Since 1926 there have appeared three articles1 emphasizing the importance of the immediate repair of severed parotid ducts. Disfiguring and annoying external parotid fistulas are prevented by this procedure. Such fistulas, as is well known, are often difficult to close. All these authors have recorded successful cases: Tees two, Dickinson one and Black and Flagge one, four in all. The literature previous to 1926 is strangely silent on the subject of primary anastomosis; most discussions and case reports, even those which appeared during and shortly after the World War, concerned themselves with problems of secondary repair and with the control of the discharge. Because the war wounds were ragged, extensive and contaminated, it was impracticable, for the most part, to attempt primary suture. Nevertheless, Schmieden2 in 1916 reported the primary end-to-end repair of a severed duct on the field of battle; no particulars as to technic were included in his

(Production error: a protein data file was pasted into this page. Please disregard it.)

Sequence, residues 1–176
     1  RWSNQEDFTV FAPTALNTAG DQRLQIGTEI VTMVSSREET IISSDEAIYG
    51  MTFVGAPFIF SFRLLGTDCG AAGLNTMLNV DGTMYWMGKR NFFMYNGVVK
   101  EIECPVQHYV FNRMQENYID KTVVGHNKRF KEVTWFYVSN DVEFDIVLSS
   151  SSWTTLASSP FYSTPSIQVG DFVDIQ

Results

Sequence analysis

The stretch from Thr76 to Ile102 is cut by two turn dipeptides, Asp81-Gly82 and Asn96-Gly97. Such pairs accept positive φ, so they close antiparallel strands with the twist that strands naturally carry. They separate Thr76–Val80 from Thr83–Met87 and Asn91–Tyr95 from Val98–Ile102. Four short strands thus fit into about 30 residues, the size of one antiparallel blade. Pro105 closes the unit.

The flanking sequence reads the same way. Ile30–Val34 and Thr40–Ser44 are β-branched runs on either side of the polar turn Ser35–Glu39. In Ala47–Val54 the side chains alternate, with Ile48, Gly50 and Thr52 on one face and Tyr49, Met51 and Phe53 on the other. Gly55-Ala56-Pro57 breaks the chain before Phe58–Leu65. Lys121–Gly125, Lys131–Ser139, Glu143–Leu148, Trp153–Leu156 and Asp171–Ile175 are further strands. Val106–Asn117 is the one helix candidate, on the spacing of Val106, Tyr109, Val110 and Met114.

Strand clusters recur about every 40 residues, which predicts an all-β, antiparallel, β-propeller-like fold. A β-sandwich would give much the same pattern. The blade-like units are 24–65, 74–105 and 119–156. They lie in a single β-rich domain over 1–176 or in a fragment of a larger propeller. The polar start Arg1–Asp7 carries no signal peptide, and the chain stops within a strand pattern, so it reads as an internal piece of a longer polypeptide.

Brohm CG, Bird CE. PRIMARY REPAIR OF SEVERED PAROTID DUCT: METHOD OF FIXATION OF AN INLYING DOWEL. JAMA. 1935;104(9):733–734. doi:10.1001/jama.1935.92760090001011
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